Rice County Courthouse, Faribault
I DIDN’T ATTEND any Veterans Day ceremonies yesterday, and perhaps I should have. But several days earlier, I paid my own quiet tribute by walking the grounds of the Rice County courthouse where a veterans’ memorial expansion project is underway. For years a lone Civil War statue has stood there honoring those who served.
Today new sidewalks edged by honorary pavers lead to the memorial plaza which will eventually feature that Civil War statue, a torch, bronze eagle, dove, granite columns, flags, benches and gardens. I expect a place for quiet reflection, a place of honor, a place to cry.
Honorary pavers line sidewalks leading to the center of the Rice County veterans' memorial on the courthouse lawn in Faribault.
Veterans’ memorials often move me to tears because they always, always, bring thoughts of my dad, a Korean War veteran. I remember how, months after his 2003 death, my emotions overcame me while viewing the veterans’ memorial in Winona. With grief still gripping my soul, I simply wept.
Such strong emotions did not pervade my thoughts at the site of the new Rice County Veterans Memorial in Faribault. Yet, words and images triggered memories in a quiet, deeply personal way of honoring those who have served our country.
Three letters, KIA, imprinted upon a paver signify the ultimate sacrifice. Killed in action. I thought of my dad's soldier-buddy, Ray Scheibe, who was blown apart by an incoming shell on the day before he was to leave Korea. My dad never got over this loss and was forever haunted by the horrible image of Ray's death.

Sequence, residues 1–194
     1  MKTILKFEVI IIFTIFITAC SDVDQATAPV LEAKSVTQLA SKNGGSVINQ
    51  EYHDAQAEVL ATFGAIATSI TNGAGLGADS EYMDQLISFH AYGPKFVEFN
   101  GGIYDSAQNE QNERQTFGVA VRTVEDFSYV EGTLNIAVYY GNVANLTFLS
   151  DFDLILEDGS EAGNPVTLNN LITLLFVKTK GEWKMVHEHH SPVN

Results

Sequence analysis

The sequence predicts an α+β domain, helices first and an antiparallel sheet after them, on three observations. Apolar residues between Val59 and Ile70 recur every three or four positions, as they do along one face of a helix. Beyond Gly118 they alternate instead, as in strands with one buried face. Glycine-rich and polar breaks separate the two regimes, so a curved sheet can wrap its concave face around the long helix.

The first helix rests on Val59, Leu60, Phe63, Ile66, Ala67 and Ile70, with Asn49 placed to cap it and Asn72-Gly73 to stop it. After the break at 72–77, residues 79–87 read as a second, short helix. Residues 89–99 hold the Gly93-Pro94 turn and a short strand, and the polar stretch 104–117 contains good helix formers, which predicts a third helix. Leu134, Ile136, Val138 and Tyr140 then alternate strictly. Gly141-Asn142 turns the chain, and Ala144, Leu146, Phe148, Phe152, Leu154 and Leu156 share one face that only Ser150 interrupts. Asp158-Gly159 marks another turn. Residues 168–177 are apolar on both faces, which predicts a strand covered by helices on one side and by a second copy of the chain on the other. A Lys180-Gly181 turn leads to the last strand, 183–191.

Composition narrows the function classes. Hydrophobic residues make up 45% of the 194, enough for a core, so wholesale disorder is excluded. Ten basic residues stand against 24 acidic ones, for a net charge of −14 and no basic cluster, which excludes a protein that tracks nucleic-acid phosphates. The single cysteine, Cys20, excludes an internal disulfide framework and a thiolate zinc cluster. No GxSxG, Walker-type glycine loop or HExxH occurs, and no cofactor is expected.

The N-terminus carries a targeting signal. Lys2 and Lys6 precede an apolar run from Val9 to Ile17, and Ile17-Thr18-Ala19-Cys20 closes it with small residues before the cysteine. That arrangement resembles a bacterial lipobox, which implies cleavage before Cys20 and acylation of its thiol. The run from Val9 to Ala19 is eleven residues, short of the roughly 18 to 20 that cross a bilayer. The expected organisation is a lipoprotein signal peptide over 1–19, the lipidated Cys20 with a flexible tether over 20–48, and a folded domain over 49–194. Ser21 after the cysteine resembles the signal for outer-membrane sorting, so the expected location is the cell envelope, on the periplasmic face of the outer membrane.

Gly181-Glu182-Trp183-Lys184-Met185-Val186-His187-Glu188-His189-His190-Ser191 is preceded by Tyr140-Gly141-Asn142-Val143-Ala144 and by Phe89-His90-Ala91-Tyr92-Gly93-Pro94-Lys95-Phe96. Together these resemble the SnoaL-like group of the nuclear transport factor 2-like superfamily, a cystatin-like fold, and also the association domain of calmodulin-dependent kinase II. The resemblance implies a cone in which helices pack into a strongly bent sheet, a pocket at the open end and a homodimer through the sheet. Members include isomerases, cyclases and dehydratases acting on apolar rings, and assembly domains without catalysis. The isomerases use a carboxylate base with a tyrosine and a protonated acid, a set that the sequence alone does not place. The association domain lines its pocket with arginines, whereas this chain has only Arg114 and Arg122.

Even though I knew the trail of white in the sky came from an airliner, I imagined this to be the smoke of gunfire or of bombs or of shells as I took this image of the Civil War statue in Faribault.
I was coming of age during the Vietnam War. I remember the protests, the anger, the peace signs, all of it...
When I look at the MIA/POW flag, I recall the metal bracelet I wore in high school, the bracelet engraved with the name of a soldier held as a prisoner of war during the Vietnam War. Sadly, I don't remember his name or even know if I still have that bracelet tucked away somewhere in a cardboard box.
When I composed this image, the back of the Civil War statue, I thought about how a soldier must sometimes feel so alone, so vulnerable.
© Copyright 2010 Audrey Kletscher Helbling